Range/Geographical Distribution: Worldwide.
Habitat: Attached to hard surfaces along shores in brackish water and estuaries, also may be found as a free-floating mass in sheltered waters.
Description: A bright green algae with broad, crumpled, translucent fronds. Resembles terrestrial lettuce, hence its name.
Size: Clumps may reach a foot in diameter.
Breeding: Adult plants produce zoospores that settle and form haploid male and female plants similar to the adults. These haploid males and females release gametes. The gametes combine and produce a zygote which grows into an adult plant.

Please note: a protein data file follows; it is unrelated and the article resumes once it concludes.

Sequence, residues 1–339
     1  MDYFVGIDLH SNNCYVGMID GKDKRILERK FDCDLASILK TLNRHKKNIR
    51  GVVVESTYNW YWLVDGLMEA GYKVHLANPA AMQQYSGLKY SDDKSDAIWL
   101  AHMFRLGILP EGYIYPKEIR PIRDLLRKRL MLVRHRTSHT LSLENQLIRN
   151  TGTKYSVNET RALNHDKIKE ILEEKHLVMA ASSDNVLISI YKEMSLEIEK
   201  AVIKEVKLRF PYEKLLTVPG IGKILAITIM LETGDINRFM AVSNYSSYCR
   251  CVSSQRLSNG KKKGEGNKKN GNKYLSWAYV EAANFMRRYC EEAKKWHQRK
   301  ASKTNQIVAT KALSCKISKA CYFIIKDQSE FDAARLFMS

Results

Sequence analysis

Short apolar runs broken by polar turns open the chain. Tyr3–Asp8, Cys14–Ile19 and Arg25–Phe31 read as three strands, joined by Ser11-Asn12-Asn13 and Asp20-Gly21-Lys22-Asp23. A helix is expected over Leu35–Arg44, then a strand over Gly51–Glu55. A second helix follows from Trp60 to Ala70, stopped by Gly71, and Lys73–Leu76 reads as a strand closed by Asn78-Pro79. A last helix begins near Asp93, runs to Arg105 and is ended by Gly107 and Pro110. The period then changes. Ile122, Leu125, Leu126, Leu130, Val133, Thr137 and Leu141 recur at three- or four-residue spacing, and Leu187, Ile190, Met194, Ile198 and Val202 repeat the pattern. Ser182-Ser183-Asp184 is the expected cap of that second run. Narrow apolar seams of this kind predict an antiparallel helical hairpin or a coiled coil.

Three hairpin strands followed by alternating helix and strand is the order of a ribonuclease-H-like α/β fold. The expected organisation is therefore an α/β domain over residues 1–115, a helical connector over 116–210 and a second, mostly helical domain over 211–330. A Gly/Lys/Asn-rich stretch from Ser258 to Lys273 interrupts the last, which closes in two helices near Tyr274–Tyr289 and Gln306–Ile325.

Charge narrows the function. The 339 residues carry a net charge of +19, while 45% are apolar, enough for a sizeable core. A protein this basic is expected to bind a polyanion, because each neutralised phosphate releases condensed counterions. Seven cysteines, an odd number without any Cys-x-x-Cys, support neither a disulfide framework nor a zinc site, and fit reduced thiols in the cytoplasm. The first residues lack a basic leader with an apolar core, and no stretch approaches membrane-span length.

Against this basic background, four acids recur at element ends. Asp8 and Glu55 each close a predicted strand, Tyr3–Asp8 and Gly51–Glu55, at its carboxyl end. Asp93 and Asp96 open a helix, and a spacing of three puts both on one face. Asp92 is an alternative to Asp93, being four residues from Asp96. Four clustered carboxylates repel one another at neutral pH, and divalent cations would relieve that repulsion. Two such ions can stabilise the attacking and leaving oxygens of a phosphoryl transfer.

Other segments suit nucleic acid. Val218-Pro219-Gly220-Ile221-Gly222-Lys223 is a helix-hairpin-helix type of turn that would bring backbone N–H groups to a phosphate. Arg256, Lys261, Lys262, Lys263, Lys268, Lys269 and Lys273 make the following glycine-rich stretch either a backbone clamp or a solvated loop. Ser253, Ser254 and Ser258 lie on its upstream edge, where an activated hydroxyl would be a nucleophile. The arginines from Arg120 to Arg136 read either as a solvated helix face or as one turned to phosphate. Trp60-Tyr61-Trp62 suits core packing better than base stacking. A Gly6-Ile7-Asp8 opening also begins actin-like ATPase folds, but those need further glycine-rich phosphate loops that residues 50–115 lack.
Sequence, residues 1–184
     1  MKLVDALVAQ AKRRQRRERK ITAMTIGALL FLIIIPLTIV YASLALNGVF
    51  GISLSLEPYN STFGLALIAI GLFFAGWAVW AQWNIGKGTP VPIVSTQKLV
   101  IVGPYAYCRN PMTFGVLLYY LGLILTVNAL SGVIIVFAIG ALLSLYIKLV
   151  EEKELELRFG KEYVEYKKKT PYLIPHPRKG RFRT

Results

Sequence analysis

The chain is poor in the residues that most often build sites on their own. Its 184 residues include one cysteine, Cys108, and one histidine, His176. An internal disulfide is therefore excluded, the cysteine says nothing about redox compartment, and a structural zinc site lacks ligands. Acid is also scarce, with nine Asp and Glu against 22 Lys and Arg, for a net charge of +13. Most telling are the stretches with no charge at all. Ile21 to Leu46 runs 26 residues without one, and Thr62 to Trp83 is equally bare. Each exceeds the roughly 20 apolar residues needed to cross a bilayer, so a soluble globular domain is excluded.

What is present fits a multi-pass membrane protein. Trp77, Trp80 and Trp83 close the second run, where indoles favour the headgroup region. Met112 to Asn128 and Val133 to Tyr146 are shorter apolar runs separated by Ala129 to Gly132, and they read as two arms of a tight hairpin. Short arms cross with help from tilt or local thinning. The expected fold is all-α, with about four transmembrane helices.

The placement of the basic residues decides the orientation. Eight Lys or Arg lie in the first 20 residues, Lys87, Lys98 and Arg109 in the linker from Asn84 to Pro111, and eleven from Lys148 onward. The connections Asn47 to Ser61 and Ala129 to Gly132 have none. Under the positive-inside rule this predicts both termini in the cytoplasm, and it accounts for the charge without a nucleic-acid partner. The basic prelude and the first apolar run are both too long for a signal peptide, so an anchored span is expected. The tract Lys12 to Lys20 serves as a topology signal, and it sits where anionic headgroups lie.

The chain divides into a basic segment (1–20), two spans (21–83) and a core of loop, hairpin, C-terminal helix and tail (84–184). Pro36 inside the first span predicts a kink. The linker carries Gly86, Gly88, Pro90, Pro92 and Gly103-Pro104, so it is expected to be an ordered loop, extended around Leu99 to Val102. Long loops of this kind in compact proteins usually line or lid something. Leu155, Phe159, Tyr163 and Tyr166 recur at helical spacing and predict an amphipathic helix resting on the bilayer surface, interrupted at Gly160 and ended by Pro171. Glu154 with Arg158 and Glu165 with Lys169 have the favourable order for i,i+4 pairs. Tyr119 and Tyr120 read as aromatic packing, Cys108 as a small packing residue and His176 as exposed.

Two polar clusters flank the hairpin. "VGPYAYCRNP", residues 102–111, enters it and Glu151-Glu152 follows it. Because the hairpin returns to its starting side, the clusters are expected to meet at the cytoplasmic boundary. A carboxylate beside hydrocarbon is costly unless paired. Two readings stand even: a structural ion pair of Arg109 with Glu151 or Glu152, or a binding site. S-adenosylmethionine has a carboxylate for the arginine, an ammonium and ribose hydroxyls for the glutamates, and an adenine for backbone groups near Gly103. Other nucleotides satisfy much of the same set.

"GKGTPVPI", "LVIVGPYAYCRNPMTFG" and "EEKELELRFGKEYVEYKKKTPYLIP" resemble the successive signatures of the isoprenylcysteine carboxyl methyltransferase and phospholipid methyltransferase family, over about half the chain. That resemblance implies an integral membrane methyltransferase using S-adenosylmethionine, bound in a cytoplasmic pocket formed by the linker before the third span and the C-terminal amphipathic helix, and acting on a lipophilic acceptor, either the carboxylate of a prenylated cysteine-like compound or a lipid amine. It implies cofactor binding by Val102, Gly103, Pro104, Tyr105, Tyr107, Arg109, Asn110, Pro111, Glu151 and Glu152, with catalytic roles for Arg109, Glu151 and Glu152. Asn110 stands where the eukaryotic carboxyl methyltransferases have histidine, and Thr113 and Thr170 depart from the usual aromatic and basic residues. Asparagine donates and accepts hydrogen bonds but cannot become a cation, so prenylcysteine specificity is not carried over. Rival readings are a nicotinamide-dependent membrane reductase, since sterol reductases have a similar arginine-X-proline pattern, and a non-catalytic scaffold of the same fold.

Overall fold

Predators/Ecological Importance: Sea lettuce may be eaten by humans, manatees, some fish, and many invertebrates.
Conservation Status: Listed as not threatened.
Interesting Facts: The fronds of sea lettuce are only two cell layers thick.
On the Coast: Sea lettuce can be found attached to rocks and docks along the Georgia coast as well as washed up along the beach.